9. Quantifying resilience

    USGS Publications Warehouse

    Allen, Craig R.; Angeler, David G.

    2016-01-01

    Several frameworks to operationalize resilience have been proposed. A decade ago, a special feature focused on quantifying resilience was published in the journal Ecosystems (Carpenter, Westley & Turner 2005). The approach there was towards identifying surrogates of resilience, but few of the papers proposed quantifiable metrics. Consequently, many ecological resilience frameworks remain vague and difficult to quantify, a problem that this special feature aims to address. However, considerable progress has been made during the last decade (e.g. Pope, Allen & Angeler 2014). Although some argue that resilience is best kept as an unquantifiable, vague concept (Quinlan et al. 2016), to be useful for managers, there must be concrete guidance regarding how and what to manage and how to measure success (Garmestani, Allen & Benson 2013; Spears et al. 2015). Ideas such as ‘resilience thinking’ have utility in helping stakeholders conceptualize their systems, but provide little guidance on how to make resilience useful for ecosystem management, other than suggesting an ambiguous, Goldilocks approach of being just right (e.g. diverse, but not too diverse; connected, but not too connected). Here, we clarify some prominent resilience terms and concepts, introduce and synthesize the papers in this special feature on quantifying resilience and identify core unanswered questions related to resilience.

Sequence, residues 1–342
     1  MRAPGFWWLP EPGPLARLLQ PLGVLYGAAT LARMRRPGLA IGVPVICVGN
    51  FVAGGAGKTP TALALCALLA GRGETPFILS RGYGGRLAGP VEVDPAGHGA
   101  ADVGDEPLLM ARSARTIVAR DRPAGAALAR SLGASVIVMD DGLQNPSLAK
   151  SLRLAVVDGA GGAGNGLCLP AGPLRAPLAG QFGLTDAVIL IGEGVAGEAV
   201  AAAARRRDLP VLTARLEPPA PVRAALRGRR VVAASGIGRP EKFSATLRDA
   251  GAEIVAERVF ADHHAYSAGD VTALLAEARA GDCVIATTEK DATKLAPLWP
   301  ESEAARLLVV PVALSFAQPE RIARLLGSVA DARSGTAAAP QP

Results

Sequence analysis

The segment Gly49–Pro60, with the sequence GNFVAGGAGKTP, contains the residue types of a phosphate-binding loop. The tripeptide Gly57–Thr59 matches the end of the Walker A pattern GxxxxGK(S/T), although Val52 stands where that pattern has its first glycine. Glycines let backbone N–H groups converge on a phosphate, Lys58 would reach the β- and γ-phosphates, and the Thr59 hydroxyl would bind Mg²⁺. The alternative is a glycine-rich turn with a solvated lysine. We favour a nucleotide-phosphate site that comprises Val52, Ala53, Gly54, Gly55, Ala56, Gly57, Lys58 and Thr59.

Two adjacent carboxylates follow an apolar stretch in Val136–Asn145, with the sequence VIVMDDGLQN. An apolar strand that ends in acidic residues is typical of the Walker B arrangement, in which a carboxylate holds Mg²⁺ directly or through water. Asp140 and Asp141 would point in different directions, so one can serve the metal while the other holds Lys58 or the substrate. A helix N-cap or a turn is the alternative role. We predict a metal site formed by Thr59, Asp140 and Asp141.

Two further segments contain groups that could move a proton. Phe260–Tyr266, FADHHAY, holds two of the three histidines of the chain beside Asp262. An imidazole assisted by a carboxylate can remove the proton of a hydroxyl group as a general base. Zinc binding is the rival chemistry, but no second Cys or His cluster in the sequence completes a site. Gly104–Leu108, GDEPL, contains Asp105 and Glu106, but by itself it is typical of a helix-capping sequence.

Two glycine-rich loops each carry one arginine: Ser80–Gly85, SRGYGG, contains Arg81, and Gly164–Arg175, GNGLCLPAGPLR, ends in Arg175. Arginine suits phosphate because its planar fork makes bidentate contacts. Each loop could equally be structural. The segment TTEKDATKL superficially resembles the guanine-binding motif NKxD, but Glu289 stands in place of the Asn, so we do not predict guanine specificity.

10. Circumstellar dust

    NASA Technical Reports Server (NTRS)

    Dwek, E.

    1986-01-01

    The presence of dust in the general interstellar medium is inferred from the extinction, polarization, and scattering of starlight; the presence of dark nebulae; interstellar depletions; the observed infrared emission around certain stars and various types of interstellar clouds. Interstellar grains are subject to various destruction mechanisms that reduce their size or even completely destroy them. A continuous source of newly formed dust must therefore be present for dust to exist in the various phases of the interstellar medium (ISM). The working group has the following goals: (1) review the evidences for the formation of dust in the various sources; (2) examine the clues to the nature and composition of the dust; (3) review the status of grain formation theories; (4) examine any evidence for the processing of the dust prior to its injection into the interstellar medium; and (5) estimate the relative contribution of the various sources to the interstellar dust population.

  11. Methane cycling. Nonequilibrium clumped isotope signals in microbial methane.

    PubMed

    Wang, David T; Gruen, Danielle S; Lollar, Barbara Sherwood; Hinrichs, Kai-Uwe; Stewart, Lucy C; Holden, James F; Hristov, Alexander N; Pohlman, John W; Morrill, Penny L; Könneke, Martin; Delwiche, Kyle B; Reeves, Eoghan P; Sutcliffe, Chelsea N; Ritter, Daniel J; Seewald, Jeffrey S; McIntosh, Jennifer C; Hemond, Harold F; Kubo, Michael D; Cardace, Dawn; Hoehler, Tori M; Ono, Shuhei

    2015-04-24